Readings, Prayers, and Candles for Lent

March 5 of this year is Ash Wednesday, marking the beginning of the season of Lent in the Christian calendar. Lent offers us space to reflect on our sin and Jesus’ sacrifice on our behalf. Through fasting and other acts of penitence we come to terms with our need for God’s grace. During these forty days we repent of our sins so we can recommit to God’s mission in the world.

Observing Lent is a deeply personal experience, but it runs the risk of becoming private. We have to acknowledge our families, communities, and churches need to repent as well.  Recently I learned about a growing practice of communal Lent observation using readings, prayers, and candles. The idea is not that different than the wreaths of candles used during Advent. Whereas Advent begins in the dark and we light another candle each week until Christmas representing the growing presence of Jesus, the Lent candle cross begins fully lit and each week we extinguish another candle as we move toward Good Friday. This growing darkness reminds us we had Jesus physically with us, but we rejected and killed God incarnate. We tried to snuff out the light of the world.

A Lenten candle cross is easy enough to make. It has places for six candles, one for each Sunday in Lent.

A Lenten Cross

The first Sunday begins with all six candles lit, the second Sunday with five lit, and so on. My church is going to include this observation during the season and I have written some readings and prayers  for our services. I have included these readings and prayers in a PDF. Feel free to use them and adapt them however you wish. Just don’t sell them.

Readings and Prayers for Lenten Candle Observances

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Civility Project: Finding Commonality, Letters from a Working Mom and an At-Home Mom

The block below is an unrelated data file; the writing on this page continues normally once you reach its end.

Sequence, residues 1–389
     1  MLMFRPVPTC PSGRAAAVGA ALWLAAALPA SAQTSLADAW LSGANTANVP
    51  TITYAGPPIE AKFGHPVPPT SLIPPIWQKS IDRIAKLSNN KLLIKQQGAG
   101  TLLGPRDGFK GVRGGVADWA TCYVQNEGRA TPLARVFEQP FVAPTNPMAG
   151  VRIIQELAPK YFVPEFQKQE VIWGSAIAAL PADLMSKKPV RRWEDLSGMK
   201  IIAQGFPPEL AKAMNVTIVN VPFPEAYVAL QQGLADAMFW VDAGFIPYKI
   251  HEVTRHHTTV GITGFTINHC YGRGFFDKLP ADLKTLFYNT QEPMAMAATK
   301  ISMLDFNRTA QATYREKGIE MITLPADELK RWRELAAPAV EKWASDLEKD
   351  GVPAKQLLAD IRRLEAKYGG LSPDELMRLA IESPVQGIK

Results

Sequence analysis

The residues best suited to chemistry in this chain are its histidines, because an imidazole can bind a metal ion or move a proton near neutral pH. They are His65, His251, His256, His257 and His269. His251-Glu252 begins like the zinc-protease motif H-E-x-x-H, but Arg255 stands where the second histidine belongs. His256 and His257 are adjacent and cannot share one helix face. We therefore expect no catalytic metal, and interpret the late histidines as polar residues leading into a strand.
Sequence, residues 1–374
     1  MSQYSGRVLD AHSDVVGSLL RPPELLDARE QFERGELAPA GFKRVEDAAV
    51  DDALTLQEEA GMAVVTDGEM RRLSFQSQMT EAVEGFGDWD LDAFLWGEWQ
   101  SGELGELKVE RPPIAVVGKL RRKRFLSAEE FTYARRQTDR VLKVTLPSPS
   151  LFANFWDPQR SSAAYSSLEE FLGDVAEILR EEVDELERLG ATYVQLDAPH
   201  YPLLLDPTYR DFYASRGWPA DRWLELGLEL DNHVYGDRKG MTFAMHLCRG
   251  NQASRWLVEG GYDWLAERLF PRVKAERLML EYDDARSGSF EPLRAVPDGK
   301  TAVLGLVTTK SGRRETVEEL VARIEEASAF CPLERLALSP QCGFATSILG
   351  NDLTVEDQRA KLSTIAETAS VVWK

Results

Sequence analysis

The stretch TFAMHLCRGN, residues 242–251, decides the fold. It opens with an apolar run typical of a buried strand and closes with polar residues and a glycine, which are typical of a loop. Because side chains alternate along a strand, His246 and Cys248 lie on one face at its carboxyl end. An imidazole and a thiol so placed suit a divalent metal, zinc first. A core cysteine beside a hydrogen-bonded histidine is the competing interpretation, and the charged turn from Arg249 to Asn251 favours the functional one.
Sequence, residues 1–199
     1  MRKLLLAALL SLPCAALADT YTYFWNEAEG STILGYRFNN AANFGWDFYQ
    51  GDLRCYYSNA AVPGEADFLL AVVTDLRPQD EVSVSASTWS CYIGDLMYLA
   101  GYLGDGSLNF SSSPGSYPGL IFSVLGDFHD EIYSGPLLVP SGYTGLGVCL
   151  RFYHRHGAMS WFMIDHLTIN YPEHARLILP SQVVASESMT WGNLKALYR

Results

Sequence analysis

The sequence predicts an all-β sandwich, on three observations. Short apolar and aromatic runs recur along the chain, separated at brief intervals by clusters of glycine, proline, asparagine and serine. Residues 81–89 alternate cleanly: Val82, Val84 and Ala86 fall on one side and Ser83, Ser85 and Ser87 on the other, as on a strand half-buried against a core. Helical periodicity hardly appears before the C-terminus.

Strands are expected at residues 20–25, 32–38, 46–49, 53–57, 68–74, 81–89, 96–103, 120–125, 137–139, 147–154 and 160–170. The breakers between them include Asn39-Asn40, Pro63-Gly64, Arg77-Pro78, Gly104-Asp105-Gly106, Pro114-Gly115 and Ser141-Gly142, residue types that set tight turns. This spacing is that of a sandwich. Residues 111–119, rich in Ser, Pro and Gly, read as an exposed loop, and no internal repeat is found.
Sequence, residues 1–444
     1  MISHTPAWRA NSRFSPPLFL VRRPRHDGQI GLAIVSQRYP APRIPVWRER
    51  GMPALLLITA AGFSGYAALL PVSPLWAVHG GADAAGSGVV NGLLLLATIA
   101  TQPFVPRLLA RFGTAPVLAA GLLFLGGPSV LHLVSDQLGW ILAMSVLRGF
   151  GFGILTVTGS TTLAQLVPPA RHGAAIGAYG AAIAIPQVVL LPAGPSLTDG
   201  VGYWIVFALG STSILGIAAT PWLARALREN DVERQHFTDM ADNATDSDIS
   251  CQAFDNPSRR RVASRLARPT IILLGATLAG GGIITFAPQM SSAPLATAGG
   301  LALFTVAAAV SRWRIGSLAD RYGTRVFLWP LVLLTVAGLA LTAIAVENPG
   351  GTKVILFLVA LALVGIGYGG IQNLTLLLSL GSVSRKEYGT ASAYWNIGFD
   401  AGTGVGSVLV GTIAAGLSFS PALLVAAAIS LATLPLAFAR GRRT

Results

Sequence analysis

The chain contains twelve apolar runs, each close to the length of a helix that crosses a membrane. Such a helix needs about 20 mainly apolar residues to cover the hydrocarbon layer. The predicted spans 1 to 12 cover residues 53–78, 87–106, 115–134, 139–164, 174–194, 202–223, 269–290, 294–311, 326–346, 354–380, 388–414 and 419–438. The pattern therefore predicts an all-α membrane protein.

In her post, “A Letter from a Working Mother to a Stay-At-Home Mother, and Vice Versa,” Carolyn Ee publishes two letters of mutual appreciation between people who often find themselves pitted against each other. Some people think at-home moms have capitulated to outdated standards of gender hierarchy. Others view working moms as selfish women unwilling to put the needs of their family above their desires for career advancement. The moms writing these letters don’t accept those reductive and uncharitable descriptions of the other. They don’t express feeling threatened in their lifestyles simply because someone else took a different path. Instead they exhibit civility in a beautiful way. By naming the contributions of the other, the moms who write these letters show their admiration. In expressing their empathy for each other they discover that they really are on the same side.

Take these two examples.

In her letter to the at-home mom, the working mom writes:

SAHM, I don’t know how you do it. I admire your infinite patience, your ability to face each day cheerfully and bring joy into your children’s lives even when they wear you down. I admire your dedication to being a constant presence in your children’s lives even if it isn’t always easy. I admire the way you work without expecting any reward – no promotions, no fame, no salary. I know you want your children to feel important and loved, and SAHM, you do this the best.

In her letter to the working mom, the at-home mom writes: